Wednesday,19 September, 2018
Current issue | Issue 1133, 31 Jan - 6 Feb 2013
Wednesday,19 September, 2018
Issue 1133, 31 Jan - 6 Feb 2013

Ahram Weekly

No one left to talk to

Syrian President Bashar Al-Assad has not been able to find a single representative of the opposition with whom to engage in dialogue, despite the country’s many different groups and forces, writes Bassel Oudat in Damascus

Al-Ahram Weekly

Syrian President Bashar Al-Assad has not been able to find a single representative of the country’s opposition to engage in dialogue with, in order to end what he is still describing as a battle “between the nation and its enemies” and not between the regime and its opponents in an ongoing uprising against injustice.

In his recent speech Al-Assad said that “they call it a revolution, but it has nothing to do with revolution. A true revolution is undertaken by the people, not by people imported from abroad. Who is the mastermind of this so-called revolution? Who should we talk to — fanatics or with the puppets of the West?”

The opposition has responded by pointing out that it is the Al-Assad regime that is the reason behind the revolution, not some foreign mastermind. The Tunisian revolution, which later sparked the Arab Spring, was triggered by the action of a fruit vendor, it has said, while the Libyan revolution also did not have a single leader.

Those Egyptians who poured into Cairo’s Tahrir Square to overthrow the regime of former Egyptian president Hosni Mubarak came from across the social spectrum, the opposition has pointed out. 

There are many oppositional intellectuals in Syria whose writings have long been censored by the regime. Their single common denominator is that they have all spent long years in jail. They are not the agents of foreign powers or unruly elements seeking to damage national security.

Before the uprising began in Syria two years ago, there were no partners to the Syrian regime, which ruled alone as “Al-Assad’s Syria”, as its supporters proudly boasted.

The regime suppressed any independent political views, and defectors such as former vice president Abdel-Halim Khaddam and former prime minister Riad Hijab have said that they were never able to question a regime of which they were supposed to be the pillars.

The question of whom Al-Assad should now be talking to is wider than that, however. In his speech, Al-Assad ignored the existence of a broad spectrum of nationalist forces, political parties, political blocs and civil society movements in the country.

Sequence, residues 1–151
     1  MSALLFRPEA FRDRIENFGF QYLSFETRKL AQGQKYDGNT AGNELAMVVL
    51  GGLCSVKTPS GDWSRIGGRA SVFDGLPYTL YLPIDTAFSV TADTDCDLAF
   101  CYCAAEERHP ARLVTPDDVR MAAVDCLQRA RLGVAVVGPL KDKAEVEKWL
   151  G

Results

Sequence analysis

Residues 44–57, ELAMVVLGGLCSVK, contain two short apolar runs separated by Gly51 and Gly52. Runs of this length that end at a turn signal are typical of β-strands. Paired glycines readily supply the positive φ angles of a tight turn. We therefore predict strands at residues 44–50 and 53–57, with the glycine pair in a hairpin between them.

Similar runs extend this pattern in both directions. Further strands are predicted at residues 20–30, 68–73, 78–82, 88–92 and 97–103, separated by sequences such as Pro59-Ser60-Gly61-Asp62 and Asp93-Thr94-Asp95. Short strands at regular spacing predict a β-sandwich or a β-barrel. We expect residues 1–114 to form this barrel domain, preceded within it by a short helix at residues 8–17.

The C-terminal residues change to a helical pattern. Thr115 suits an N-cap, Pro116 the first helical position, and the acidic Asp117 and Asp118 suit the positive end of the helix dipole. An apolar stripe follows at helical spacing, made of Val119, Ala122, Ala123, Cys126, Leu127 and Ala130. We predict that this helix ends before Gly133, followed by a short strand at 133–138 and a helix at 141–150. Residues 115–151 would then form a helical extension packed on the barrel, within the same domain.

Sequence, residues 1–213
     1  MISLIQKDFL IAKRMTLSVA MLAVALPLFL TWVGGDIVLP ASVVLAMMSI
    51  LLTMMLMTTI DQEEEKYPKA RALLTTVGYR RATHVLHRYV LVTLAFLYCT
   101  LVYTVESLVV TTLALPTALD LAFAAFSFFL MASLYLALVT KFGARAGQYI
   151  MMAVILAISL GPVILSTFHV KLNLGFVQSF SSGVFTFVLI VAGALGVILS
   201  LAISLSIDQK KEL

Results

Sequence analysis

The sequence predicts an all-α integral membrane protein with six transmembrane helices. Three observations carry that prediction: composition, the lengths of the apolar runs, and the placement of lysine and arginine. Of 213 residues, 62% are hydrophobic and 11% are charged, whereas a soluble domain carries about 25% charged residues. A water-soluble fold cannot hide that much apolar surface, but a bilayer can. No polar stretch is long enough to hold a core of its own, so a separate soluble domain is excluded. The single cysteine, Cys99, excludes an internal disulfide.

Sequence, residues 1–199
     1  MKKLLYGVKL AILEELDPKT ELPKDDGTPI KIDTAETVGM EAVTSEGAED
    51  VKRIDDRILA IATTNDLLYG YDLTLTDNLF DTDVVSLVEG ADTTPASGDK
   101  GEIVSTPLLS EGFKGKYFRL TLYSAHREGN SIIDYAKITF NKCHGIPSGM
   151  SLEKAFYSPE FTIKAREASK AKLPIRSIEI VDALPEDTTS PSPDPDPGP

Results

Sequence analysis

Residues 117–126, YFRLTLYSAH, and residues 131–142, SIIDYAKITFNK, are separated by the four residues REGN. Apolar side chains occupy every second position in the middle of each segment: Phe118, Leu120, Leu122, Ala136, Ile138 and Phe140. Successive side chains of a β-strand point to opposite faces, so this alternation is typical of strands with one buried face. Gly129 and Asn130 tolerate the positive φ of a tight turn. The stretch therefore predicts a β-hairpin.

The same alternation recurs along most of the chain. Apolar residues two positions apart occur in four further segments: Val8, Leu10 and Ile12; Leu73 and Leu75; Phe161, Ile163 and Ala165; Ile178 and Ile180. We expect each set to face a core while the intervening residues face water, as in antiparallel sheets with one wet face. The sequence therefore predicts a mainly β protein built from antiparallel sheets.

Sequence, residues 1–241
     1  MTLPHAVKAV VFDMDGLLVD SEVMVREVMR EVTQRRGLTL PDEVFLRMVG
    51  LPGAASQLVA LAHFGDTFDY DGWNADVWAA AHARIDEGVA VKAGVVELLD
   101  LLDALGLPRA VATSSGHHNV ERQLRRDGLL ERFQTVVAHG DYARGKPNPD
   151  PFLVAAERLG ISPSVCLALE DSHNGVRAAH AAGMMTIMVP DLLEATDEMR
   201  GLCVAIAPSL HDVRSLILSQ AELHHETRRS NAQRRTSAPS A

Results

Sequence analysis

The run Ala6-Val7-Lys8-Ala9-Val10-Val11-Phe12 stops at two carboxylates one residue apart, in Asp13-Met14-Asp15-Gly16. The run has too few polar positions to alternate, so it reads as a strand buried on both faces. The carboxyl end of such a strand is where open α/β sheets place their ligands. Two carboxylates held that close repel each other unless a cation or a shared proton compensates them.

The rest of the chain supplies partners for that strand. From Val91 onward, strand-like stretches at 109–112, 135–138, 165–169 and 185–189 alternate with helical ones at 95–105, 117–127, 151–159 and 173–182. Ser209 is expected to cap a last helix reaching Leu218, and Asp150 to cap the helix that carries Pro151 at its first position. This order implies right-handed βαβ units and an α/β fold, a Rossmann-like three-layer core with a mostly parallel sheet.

The Syrian opposition has a wide variety of different outlooks, affiliations and ideologies. Some of these existed before the present regime came to power, while others are the offspring of the uprising.

When former Syrian president Hafez Al-Assad, the current president’s father, came to power in 1970 as a result of a military coup, he transformed the country into a totalitarian state that would not countenance any opposing opinions.

The regime hunted down the opposition, suppressed their voices, and imprisoned their leaders. Since then, the existence of the opposition political forces has been a miserable one, with most having fewer than 100 members because of decades of persecution.

However, the uprising has changed the situation, and today there has been an unprecedented growth in revolutionary political blocs and forces.

At first, many were quasi-clandestine, notably the National Democratic Bloc (NDB), established in 1979 and including five leftist and nationalist parties. The Damascus Declaration for Democratic Change was established in 2005 and includes the parties of the NDB, as well as the Committees for Reviving Civil Society, the Muslim Brotherhood, other Kurdish and left-leaning parties, and the Marxist Left Bloc, which includes several smaller leftist parties.

In autumn 2011, the National Coordination Committee (NCC) was formed, composed of 15 Arab and Kurdish parties, as well as a number of independent figures. The NCC became known as the domestic opposition, though in fact it was intended as a temporary grouping dedicated to overthrowing the regime.

The NCC has issued an eight-point plan for a political solution in Syria, including a halt to the fighting, the withdrawal of the army and security agencies, the release of prisoners, the end of the media campaign against the demonstrators, the suspension of the emergency law, and the prosecution of those responsible for the killings of the demonstrators.

 Other demands include allowing the Arab and foreign media into the country, guarantees of the right to demonstrate and the launching of a political transition that will guarantee the peaceful rotation of power.

The NCC has upheld the “three no’s” of no to foreign intervention, no to violence, and no to sectarianism.